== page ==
Is moonlighting a facade for laying off workers?
The pandemic resulted in lockdowns across the globe. Working from home was the only option for continuing business operations across different industries. The new work environment resulted in severe resource constraints, such as money, machines, and manpower. However, it resulted in an abnormal demand for the limited available resources. So more opportunities became available, especially for experienced working professionals across industries and significantly in the IT industry.
The talented human capital figured out alternative earning opportunities. The most popular alternate income resource was stock trading, and the same was clear in the plethora of increase in the number of demat accounts never before like during the last two years. Further, there is a rise in alternative job opportunities after office hours and sometimes during the weekends.
Truly, the pandemic ruined many lives by closing the doors of job opportunities and opening windows of additional income resources for a few. Talented working professionals had privileged access to multiple job roles and work assignments other than continuing routine jobs. Some of them embraced such opportunities even after the pandemic because of passion. In some cases, it was to help hands towards society and get recognition; in some other cases, it was to get more income to overcome those challenging times, and subsequently it resulted in a spate of resignations. Further, many companies exchanged similar human resources i.e. the same human capital by paying double the salary along with incentives to continue business operations without any interruption, also filling up shortages to safeguard businesses.
Global corporations branded the year 2021 as the year of the Great Resignation. Since then, many people left their jobs increasingly because of work-from-home stress, extended working hours, more work pressure, no or low incentives, and personal, family-related issues. Most importantly moonlighting opportunities in the new digital world. Moonlighting is not exclusive to the IT industry alone. Several other industries also experienced the same. For instance, education is dealing with it due to edutech and the health sector due to online consultations.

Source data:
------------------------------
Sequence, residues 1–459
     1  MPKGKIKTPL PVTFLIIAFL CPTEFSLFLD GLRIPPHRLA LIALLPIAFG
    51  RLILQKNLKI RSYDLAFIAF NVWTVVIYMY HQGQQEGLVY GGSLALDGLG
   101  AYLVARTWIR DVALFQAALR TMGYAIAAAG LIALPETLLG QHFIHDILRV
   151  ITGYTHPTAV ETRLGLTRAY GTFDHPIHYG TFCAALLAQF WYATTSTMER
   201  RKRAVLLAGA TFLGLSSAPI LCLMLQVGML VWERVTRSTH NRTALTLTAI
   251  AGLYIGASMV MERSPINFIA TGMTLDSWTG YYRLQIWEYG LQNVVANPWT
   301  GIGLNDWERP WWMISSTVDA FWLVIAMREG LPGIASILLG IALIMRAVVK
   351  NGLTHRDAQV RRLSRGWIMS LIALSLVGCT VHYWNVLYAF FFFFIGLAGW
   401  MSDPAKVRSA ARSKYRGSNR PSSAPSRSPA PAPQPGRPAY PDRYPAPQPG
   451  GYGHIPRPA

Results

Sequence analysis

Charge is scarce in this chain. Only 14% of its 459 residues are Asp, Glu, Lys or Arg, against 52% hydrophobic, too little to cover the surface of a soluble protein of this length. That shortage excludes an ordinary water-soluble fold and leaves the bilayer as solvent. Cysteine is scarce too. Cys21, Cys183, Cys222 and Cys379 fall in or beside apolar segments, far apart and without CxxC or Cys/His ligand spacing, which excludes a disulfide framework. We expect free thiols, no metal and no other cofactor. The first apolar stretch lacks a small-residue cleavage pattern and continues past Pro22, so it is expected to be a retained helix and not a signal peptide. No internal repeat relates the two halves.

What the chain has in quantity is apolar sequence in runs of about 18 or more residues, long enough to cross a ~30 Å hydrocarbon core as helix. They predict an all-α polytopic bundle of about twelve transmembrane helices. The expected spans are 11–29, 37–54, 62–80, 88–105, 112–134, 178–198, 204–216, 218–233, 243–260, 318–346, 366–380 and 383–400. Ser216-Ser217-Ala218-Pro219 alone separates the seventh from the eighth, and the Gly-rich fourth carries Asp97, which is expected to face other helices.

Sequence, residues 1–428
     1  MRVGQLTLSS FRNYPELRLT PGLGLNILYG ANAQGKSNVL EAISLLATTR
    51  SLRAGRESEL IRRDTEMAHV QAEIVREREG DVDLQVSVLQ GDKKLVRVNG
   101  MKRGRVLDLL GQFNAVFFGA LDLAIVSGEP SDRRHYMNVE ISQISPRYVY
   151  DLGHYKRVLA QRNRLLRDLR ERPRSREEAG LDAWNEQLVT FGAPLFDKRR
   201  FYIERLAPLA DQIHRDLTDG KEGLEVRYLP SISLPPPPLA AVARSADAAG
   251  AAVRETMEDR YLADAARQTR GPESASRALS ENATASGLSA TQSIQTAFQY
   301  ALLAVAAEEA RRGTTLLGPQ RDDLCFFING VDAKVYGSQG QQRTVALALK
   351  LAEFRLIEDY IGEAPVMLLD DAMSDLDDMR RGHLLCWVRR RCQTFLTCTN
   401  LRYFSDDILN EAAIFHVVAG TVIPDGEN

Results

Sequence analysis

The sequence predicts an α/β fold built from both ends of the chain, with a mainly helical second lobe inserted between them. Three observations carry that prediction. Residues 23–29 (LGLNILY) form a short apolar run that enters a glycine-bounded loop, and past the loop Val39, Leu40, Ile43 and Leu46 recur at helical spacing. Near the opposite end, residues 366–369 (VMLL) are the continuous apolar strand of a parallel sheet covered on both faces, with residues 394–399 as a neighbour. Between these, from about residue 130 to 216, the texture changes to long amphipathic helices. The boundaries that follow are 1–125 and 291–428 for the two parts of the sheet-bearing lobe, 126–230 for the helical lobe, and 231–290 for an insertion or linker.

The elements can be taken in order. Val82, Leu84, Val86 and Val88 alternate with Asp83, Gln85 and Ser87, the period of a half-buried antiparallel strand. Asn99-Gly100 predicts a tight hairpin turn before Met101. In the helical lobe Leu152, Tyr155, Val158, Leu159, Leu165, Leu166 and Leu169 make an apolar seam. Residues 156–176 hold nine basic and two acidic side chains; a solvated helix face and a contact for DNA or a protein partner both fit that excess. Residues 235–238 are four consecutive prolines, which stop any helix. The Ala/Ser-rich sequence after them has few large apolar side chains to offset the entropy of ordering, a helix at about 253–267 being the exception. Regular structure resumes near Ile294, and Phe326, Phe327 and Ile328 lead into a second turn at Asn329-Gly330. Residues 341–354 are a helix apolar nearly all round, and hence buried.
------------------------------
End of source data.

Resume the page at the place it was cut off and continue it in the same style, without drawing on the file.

Other reasons such as unicorn startups in similar segments attracted the most demanded and experienced talent, by paying huge salaries including stock option offerings. Moreover, in some cases, employees working in big tech companies launched tiny startups with two or three people joining together. It can be verified with an increase in the numbers of startup registrations with one, two, or three individuals in the domain of the services sector.
Due to the pandemic, many layoffs were witnessed, especially in education, tourism and hospitality, and mobility most importantly in unicorn startups. In contrast, the IT industry was observed hiring in full swing; especially freshers were roped in offering minimal salaries. Even the hiring went up in tier-two and tier-three cities and provided a significant number of job offers even to the third-year pursuing tech graduates. The hiring strategy was to handle the sudden increase in the volumes of business by showing headcount numbers. The pandemic thrown out unsustainable business models as they were existing in pre-pandemic days.
The pandemic and Russia-Ukraine war resulted in global inflation and affected the money supply, especially to startups. It is also impacting startup funding and leading to employee layoffs. Global big tech giants are passing a clear message to their employees to focus on their productivity without expecting hikes. Further projecting due to the signs of global recession, their clients may cut technology budgets shortly. Peak salary offers during good times and salary cuts and employee layoffs, citing moonlighting by tech giants, suddenly signal it is correction time to survive the global recession. In the end, probably it can be said that moonlighting is a facade for laying-off workers.